We still intend to produce digital cameras, while not necessarily these have to be models with Foveon sensors (although we are still developing this technology). We will be producing them for two reasons: to honor the memory of my father (who always wanted SIGMA to also be a camera manufacturer, not just a lens maker), but first of all for much more practical reasons. Designing and producing cameras makes it incredibly easier to design lenses as perfectly as possible, as it’s only the combination of camera and a lens that allows us to register an image. Modern camera bodies are as crammed with electronics as lenses, which is why the final quality of an image largely depends on how this electronics communicates and cooperates. Not only equipment, but also software is of utmost importance – nowadays it’s the software that has a decisive impact on the final quality. This is why the experience we gain designing and selling cameras is invaluable for us, though – frankly speaking – we still lose considerable amounts of money in this area. However, until I see even the smallest chance for us to start making money also by selling cameras, we will go on developing them. And so far I believe such a chance exists.

Edited by: Tomasz Kulas, Managing Editor of ICAN Management Review

Indeks górny Images in the article: Provided by SIGMA Corporation. Indeks górny koniec

I am a witness

A business journalist should usually become invisible, giving voice to others and directing the spotlight on scientific pundits or outstanding practitioners from the world of business, most often company CEOs and founders. This time, however, I have allowed myself a small coming‑out, related to the fact that for twenty years I have been also active in the area of photography. To be straightforward – I was and I am a witness to an incredible transformation of SIGMA from a chrysalis, when it was only one of many manufacturers of quite average and rather cheap camera lenses, to a butterfly – a producer of photography equipment of the highest class. I allow myself to say that, that I am a trustworthy witness, having spent hundreds of hours in a testing lab, comparing SIGMA lenses with the equipment of other well‑known brands.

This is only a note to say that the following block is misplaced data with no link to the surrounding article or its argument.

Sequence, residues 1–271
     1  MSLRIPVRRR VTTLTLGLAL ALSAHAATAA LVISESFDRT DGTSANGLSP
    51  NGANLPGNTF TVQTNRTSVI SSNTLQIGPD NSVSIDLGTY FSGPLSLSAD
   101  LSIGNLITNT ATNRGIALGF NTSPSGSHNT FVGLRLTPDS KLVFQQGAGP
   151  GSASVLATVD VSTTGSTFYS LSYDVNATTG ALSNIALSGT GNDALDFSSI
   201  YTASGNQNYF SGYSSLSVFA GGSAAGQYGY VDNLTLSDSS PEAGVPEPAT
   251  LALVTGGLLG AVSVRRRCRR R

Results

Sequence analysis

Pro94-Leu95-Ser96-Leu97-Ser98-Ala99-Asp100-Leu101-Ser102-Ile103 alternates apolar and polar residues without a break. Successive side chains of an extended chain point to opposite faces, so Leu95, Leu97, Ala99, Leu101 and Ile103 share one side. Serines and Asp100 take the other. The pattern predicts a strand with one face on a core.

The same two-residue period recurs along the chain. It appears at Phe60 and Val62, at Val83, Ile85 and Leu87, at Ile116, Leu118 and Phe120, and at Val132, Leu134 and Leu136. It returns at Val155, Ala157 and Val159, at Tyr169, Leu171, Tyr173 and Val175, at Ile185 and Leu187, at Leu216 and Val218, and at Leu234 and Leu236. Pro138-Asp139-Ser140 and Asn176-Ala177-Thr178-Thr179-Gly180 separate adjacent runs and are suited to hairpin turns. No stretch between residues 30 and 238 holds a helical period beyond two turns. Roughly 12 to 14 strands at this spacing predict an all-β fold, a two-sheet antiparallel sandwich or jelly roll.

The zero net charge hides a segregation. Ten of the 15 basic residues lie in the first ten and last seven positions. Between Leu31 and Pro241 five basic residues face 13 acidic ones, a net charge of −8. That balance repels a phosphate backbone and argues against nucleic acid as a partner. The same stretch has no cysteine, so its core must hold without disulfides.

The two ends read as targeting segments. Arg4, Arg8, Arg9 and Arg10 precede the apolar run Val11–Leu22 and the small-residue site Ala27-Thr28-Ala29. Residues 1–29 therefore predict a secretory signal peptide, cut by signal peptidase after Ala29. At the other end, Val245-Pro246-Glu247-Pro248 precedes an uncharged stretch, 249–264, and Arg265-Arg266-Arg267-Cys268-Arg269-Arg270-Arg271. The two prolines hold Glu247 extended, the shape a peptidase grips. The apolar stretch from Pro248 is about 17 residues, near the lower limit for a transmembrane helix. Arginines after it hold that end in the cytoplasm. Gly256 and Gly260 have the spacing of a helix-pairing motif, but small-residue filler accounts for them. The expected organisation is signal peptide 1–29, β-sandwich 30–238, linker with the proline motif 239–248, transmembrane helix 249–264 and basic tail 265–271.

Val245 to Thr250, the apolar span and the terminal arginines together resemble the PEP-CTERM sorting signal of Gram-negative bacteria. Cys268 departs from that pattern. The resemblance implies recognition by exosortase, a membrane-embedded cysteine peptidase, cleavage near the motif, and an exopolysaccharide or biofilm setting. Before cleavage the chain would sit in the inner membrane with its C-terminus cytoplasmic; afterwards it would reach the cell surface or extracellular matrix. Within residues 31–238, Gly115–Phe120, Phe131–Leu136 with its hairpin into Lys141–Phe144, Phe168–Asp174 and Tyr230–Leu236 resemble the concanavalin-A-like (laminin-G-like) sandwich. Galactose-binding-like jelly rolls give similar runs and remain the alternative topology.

Something really amazing was for me to observe how lenses of this brand cease to occupy lower positions in comparison tests and begin to fight as equals with equipment from other well‑known Japanese photography brands, such as Canon (ca. 190,000 employees), Nikon (ca. 26,000 employees), Olympus (ca. 40,000 employees) or Sony (ca. 115,000 employees). And even more and more often begin to win with them, both in lab comparisons and in practical choices made by the best professional photographers. Let me remind you that we speak of a company that currently employs slightly above 1,700 people globally. It is a company, however, which consciously bet on maintaining its entire production in Japan, in contrast with other well‑known photography equipment makers from this country, so in order to escape the rising costs of production it focused on elevating quality. For me, who remembers an entirely different SIGMA from a dozen years ago, which offered average equipment, but at attractive prices, the results of this turnaround are still mind‑blowing.

I also remember my first previous meetings with Mr. Yamaki, when his hair was still pitch black, and mine – more visible. We were all in shock when he went out to see the journalists for the first time and began to talk about SIGMA beginning an entirely new chapter of its business. It sounded as if Renault CEO said that from now on they will make cars at Audi or Mercedes level – and sell them at adequately higher prices. Kazuto Yamaki, called by his collaborators a “little samurai”, kept his word indeed. He changed SIGMA beyond recognition – and inspired me to write this piece.

Tomasz Kulas
managing editor of ICAN Management Review
former deputy editor‑in‑chief of Digital Foto Video.

Indeks górny Photo: Arkadiusz Uriasz (made with SIGMA 105 mm f/1,4) Indeks górny koniec